I haven’t opened my bedroom window in six months. Not because it had been stuck or anything- six months ago, I was mucking around with a science project and accidentally set it on fire, so I had to brave the torrent of bugs and an exasperated mother in order to clear out all the smoke.
Of course, I took the opportunity to tell my friends that my mixtape had done it, but being that I don’t actually have a mixtape, they saw right through me.
I went outside Heavestone today. To whoever might find this diary (which I just got today), I know that taking a step outside of your city might not be such a big deal- but it is to me. You see, Heavestone is different than most other cities.
It doesn’t actually exist.
Mom explained it to me when I was little like this- like Heavestone was a snow globe, self-contained with nothing going in or out. Obviously, that was a lie, because if that were true, then how did I get here? How did Old Man Jenkins or my friend Boney or Mr. Greenland get here?
Mr. Greenland showed up one day about six or seven years ago, and that was long after Mom told me about the snow globe. So obviously that theory was out.
Heavestone, from my tests, seems to be stuck in a loop of time. I can go in and out as I please as long as I have the pendant my mother gave me. It’s a weird technicality I don’t really understand. And there’s a neighborhood right outside where I usually pass through the border- I call it the “Land of Shadows”. Not to be edgy or anything, but because the first time I ever went through with my mother, all it did was rain and be dreary. And the name stuck.
Today, I passed through with Boney, my friend. My only friend, to be exact. I’m not the most sociable of creatures. There were a few kids milling about outside on the basketball court, which is almost always the first thing I see after I pass through. The streets were empty, and we walked for a few minutes before being accosted by this man in a trench coat. It played out almost like in a bad gangster movie- the two suburban kids being asked where they were from, what they were up to. One of them being intimidated, the other urging the frozen kid to flee, and flee we did, out to the lake a short distance from there.
The man didn’t follow.
To be honest, I got this diary as a relaxant. I don’t have to worry about being such a dweeb in real life if I can simply write myself as the hero of every situation.
But, to be honest again, I was the kid who got intimidated. Please, if you’re reading this, don’t tell Mom.
We stopped at the lake to rest. It was more of a pond, really, a man-made hole about the size of three houses squished up against each other. The only life I’ve ever seen in it are ducks flitting there in the warmer months and kids braving the easily cracked ice in the colder months.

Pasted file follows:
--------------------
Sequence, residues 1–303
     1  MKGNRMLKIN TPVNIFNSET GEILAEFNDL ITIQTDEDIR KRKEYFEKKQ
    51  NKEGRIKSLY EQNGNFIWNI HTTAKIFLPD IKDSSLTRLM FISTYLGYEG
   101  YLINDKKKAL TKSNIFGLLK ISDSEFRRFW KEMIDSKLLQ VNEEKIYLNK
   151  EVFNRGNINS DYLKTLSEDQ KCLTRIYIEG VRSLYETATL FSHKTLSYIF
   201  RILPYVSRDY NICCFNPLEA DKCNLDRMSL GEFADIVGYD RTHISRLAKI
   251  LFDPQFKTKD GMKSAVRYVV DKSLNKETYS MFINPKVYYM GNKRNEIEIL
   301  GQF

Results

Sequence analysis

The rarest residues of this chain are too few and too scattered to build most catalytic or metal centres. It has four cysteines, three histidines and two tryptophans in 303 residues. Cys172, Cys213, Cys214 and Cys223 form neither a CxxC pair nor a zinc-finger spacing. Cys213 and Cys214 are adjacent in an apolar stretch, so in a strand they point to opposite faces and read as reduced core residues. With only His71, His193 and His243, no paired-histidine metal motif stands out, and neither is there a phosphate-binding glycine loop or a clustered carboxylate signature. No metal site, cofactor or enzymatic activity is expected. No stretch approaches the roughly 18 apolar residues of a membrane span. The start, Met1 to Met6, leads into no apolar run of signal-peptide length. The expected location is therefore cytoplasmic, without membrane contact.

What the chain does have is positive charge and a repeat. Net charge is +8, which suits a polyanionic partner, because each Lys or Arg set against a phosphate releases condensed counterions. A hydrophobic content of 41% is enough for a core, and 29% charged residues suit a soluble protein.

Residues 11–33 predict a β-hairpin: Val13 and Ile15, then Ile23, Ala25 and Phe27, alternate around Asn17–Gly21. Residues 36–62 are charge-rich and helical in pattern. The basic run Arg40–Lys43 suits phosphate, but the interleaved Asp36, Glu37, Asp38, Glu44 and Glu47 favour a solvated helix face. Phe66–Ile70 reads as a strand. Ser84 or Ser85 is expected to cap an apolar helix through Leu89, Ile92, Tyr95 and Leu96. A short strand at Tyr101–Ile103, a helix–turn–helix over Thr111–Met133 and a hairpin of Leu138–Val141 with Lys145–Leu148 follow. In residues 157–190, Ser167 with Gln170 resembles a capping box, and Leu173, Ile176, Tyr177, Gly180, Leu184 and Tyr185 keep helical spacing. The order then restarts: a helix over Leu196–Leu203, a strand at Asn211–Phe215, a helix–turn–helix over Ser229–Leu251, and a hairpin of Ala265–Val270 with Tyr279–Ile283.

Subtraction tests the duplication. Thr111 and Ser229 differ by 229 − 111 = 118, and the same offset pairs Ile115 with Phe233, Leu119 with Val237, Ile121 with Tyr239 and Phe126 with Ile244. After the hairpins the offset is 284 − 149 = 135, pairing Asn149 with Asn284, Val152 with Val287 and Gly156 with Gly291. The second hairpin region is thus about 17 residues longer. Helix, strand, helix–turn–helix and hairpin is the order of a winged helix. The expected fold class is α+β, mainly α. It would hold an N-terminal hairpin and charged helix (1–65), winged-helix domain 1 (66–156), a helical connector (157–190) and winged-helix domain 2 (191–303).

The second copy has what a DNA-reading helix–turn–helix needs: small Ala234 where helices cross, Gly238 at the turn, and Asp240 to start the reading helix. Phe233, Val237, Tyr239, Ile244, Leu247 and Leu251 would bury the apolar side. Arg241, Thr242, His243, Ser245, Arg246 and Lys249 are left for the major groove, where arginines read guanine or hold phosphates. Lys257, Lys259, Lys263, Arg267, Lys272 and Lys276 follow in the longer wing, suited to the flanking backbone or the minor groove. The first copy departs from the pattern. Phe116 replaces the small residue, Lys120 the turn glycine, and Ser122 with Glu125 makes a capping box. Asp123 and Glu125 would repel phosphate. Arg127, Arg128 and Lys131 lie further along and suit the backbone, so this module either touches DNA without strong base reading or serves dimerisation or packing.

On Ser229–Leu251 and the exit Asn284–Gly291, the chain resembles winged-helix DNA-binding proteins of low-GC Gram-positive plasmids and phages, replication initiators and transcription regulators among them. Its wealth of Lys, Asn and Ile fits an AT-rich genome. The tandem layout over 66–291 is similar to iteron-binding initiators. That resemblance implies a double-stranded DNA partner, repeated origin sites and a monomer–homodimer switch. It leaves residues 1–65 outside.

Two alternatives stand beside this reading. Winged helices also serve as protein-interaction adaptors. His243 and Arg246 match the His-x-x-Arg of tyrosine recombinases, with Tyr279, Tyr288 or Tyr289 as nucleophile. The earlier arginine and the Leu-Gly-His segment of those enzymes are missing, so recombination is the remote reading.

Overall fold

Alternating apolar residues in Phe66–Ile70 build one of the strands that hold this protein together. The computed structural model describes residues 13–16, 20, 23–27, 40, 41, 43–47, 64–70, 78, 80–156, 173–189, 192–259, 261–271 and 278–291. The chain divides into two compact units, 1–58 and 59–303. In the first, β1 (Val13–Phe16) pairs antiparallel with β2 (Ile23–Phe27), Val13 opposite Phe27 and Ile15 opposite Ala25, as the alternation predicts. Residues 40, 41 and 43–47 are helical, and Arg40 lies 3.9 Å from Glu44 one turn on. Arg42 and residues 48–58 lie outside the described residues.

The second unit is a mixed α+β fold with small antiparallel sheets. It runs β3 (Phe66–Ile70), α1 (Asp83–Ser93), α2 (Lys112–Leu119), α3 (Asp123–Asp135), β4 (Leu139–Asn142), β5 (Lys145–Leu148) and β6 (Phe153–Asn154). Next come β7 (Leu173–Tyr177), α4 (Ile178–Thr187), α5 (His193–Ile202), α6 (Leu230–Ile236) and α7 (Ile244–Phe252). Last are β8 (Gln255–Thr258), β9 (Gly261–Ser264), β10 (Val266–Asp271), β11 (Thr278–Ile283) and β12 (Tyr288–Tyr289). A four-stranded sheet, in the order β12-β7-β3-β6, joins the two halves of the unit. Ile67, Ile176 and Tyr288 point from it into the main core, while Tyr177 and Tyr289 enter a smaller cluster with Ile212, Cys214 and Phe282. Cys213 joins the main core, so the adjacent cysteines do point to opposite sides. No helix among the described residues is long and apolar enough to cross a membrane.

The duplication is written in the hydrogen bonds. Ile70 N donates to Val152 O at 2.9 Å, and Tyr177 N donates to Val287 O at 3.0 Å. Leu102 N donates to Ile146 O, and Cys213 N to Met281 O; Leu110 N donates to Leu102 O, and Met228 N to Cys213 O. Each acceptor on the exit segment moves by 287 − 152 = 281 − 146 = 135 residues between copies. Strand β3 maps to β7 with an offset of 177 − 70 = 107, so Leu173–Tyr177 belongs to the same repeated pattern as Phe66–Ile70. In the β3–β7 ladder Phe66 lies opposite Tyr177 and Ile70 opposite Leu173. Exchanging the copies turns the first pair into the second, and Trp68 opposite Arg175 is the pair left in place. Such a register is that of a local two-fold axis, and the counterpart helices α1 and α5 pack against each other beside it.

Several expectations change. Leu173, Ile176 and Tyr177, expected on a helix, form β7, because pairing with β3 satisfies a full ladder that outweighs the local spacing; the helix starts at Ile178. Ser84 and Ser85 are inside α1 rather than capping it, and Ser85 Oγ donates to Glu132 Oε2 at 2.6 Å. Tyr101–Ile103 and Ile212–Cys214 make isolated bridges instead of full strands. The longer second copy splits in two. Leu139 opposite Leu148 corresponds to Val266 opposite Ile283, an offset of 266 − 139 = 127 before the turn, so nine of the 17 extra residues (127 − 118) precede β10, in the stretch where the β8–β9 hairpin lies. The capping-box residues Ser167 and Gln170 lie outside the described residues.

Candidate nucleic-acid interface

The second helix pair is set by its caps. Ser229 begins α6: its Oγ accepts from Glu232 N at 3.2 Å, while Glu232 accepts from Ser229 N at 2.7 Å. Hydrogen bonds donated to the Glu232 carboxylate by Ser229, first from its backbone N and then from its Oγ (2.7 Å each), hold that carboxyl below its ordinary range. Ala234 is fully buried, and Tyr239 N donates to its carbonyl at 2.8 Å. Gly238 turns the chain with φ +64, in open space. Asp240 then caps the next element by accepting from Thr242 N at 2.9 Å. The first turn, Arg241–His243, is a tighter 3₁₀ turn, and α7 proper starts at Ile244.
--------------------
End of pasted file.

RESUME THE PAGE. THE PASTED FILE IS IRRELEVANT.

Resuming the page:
The Land of Shadows doesn’t have winter, I’ve noticed.
“Hey, Eponine,” I remember Boney saying. “You got any more of that music library transferred over? My internet’s been crapping out recently. I’m getting kind of scared.”
“Not everything,” I replied, tossing a rock into the water as we sat a few feet from the murky shores. “A few discographies. My main concern is running out of disk space.”
“Not everything has to have a redundant copy, you know.”
Boney tends to use me as his personal pirate. But that’s a story for later.
We got up and moving as soon as the tornado siren started blaring. It always does that on Saturdays in the afternoon, I’ve noticed. I would have thought that maybe once a month would be fine enough for the people living in the Land of Shadows, but maybe they just like to live in fear of tornadoes coming.
I’ve never seen an actual tornado with my own eyes.
A short distance from the lake was an abandoned dollar store sandwiched in between a daycare and a dentist’s office I’ve never seen anybody go in. I slipped the key to the front door out from under the mat, grimacing as I wiped the grime and dirt off my fingers, and unlocked the door. No alarms sounded; we’d already disabled all of them a long time ago.
Sometimes I wonder why nobody ever bothered to buy this property after the dollar store went under.
The shelves were long since emptied, just wire racks standing in solitude, ghosts of former days, bolted down to the ground to keep them from having another try at life somewhere else. Rack purgatory, I imagined, if purgatory were a rancid-smelling building with no lighting and probably some sort of childish monster lurking in the bathrooms.
“Hey, over here,” Boney whispered, his fingernails scraping against one of the floor tiles. “I need some help over here.”
I went over and helped him peel off the aging tile, flinging it aside, and- you know, diary, maybe I’ve been casted into a B-rated horror film. I’m about 99% sure that dollar stores don’t have secret tunnels leading into an unknown basement.
Uh oh- I’ve got to go- it’s dinner time now-